No, wait, the crew are offering me a pair of trendy black tracksuit-style Mint Studio pyjamas.

These, I’m told, I can keep.

After one last sweep for freebies, I peruse the dinner menu.

For comparison, this shot shows the regular direct-aisle-access Mint suites

Mint suites have less square footage than Mint Studios and slightly smaller entertainment screens

The food is by New York-based Delicious Hospitality Group, which was launched in 2013 by chef Ryan Hardy and sommelier Grant Reynolds, and is offered tapas-style.

I ignore the Tuscan kale salad and lamb shoulder and go for burrata with grilled zucchini and salsa verde; cavatelli with broccoli rabe sautee and Parmigiano; and chicken cacciatore in a tomato, mushroom and artichoke sauce.

Before it’s served, I’m given a slightly random tray of peppers, almonds and mushrooms and order a pleasantly floral glass of Wade Cellars Chenin Blanc, Wade being basketball player Dwyane Wade, who has his own wine label.

The food in Mint Studio is by New York-based Delicious Hospitality Group. Pictured is Ted’s dinner – gelato in passion fruit puree (top right); burrata with grilled zucchini and salsa verde (top left); cavatelli with broccoli rabe sautee and Parmigiano (bottom right); and chicken cacciatore (bottom left)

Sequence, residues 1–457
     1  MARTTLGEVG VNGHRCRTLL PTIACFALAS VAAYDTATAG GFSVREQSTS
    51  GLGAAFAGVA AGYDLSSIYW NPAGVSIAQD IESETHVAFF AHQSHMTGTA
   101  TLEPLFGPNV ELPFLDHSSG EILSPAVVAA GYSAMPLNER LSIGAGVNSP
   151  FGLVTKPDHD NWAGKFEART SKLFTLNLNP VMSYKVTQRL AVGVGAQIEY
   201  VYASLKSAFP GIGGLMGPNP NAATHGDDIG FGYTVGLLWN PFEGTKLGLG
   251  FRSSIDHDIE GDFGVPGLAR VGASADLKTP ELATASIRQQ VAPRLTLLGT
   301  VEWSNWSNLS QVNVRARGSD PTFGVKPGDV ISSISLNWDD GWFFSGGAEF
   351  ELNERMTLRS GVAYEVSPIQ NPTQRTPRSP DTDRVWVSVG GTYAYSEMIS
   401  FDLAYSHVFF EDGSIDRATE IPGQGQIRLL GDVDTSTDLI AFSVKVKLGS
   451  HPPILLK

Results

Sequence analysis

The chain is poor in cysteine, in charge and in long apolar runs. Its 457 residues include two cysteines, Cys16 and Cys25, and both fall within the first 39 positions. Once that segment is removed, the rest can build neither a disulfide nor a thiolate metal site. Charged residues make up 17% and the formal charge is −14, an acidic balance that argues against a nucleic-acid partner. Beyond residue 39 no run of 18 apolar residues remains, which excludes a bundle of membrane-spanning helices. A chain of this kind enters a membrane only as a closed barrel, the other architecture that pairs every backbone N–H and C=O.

On the left is the slightly random starter snacks – peppers, almonds and mushrooms. On the right, the breakfast – citrus pinwheels, a beautifully warm croissant and yoghurt with raspberry jam

Dinner in Mint is offered tapas-style, with passengers choosing three small plates from a choice of five (left). The breakfast options are pictured right

Pictured left is a section of the wine list. From this Ted orders a pleasantly floral glass of Wade Cellars Chenin Blanc, Wade being basketball player Dwyane Wade, who has his own wine label. Right – the Master & Dynamic MH40 headphones are hi-fi grade

This publicity shot shows the Tuft & Needle Mint ‘snooze kit’, complete with memory-foam pillow

Lovely coffee in an earthenware mug arrives on the approach to Ireland